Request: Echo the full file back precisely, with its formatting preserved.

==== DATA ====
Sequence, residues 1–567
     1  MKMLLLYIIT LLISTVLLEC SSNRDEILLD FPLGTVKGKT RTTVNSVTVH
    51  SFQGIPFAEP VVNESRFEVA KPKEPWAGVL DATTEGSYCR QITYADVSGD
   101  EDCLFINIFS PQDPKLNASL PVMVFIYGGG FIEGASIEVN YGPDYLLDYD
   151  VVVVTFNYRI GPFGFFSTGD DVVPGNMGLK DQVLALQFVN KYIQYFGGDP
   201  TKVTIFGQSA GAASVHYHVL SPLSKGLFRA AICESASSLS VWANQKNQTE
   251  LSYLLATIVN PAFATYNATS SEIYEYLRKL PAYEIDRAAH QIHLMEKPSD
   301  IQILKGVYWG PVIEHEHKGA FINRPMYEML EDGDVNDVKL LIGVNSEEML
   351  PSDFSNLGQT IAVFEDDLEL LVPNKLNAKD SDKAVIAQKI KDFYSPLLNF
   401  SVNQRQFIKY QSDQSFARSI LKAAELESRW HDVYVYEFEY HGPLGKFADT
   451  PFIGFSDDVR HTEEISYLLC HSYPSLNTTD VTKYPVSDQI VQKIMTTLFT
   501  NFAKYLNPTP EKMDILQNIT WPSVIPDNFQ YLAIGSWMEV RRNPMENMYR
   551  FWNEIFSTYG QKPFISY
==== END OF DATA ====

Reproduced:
Sequence, residues 1–567
     1  MKMLLLYIIT LLISTVLLEC SSNRDEILLD FPLGTVKGKT RTTVNSVTVH
    51  SFQGIPFAEP VVNESRFEVA KPKEPWAGVL DATTEGSYCR QITYADVSGD
   101  EDCLFINIFS PQDPKLNASL PVMVFIYGGG FIEGASIEVN YGPDYLLDYD
   151  VVVVTFNYRI GPFGFFSTGD DVVPGNMGLK DQVLALQFVN KYIQYFGGDP
   201  TKVTIFGQSA GAASVHYHVL SPLSKGLFRA AICESASSLS VWANQKNQTE
   251  LSYLLATIVN PAFATYNATS SEIYEYLRKL PAYEIDRAAH QIHLMEKPSD
   301  IQILKGVYWG PVIEHEHKGA FINRPMYEML EDGDVNDVKL LIGVNSEEML
   351  PSDFSNLGQT IAVFEDDLEL LVPNKLNAKD SDKAVIAQKI KDFYSPLLNF
   401  SVNQRQFIKY QSDQSFARSI LKAAELESRW HDVYVYEFEY HGPLGKFADT
   451  PFIGFSDDVR HTEEISYLLC HSYPSLNTTD VTKYPVSDQI VQKIMTTLFT
   501  NFAKYLNPTP EKMDILQNIT WPSVIPDNFQ YLAIGSWMEV RRNPMENMYR
   551  FWNEIFSTYG QKPFISY